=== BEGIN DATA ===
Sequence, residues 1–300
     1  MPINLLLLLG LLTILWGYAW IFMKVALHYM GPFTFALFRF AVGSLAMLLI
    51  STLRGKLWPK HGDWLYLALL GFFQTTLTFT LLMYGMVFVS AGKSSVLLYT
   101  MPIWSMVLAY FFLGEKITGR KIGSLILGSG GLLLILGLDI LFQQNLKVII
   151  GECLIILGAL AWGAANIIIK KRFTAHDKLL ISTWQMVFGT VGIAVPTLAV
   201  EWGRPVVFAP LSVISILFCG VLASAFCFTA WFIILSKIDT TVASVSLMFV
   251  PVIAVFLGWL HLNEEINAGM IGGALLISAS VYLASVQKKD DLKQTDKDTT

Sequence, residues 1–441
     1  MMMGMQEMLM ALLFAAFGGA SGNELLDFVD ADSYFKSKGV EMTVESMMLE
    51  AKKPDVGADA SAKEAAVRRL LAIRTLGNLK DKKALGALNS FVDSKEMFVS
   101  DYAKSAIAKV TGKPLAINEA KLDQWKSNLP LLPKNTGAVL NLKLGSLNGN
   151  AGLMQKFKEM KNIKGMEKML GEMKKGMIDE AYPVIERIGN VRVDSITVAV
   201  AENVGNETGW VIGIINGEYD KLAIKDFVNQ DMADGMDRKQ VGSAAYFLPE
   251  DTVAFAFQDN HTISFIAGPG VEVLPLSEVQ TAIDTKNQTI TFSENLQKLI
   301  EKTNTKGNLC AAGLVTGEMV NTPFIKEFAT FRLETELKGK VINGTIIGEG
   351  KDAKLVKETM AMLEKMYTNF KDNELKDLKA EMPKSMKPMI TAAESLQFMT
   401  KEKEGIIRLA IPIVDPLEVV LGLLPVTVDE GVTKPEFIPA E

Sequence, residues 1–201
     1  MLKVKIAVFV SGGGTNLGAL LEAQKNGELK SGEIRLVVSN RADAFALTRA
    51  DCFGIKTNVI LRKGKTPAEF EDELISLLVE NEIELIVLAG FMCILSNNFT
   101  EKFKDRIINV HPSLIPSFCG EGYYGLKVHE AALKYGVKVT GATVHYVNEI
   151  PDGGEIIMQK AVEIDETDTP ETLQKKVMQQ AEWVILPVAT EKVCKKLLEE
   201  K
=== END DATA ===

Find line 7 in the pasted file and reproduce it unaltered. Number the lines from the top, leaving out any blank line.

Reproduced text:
   251  PVIAVFLGWL HLNEEINAGM IGGALLISAS VYLASVQKKD DLKQTDKDTT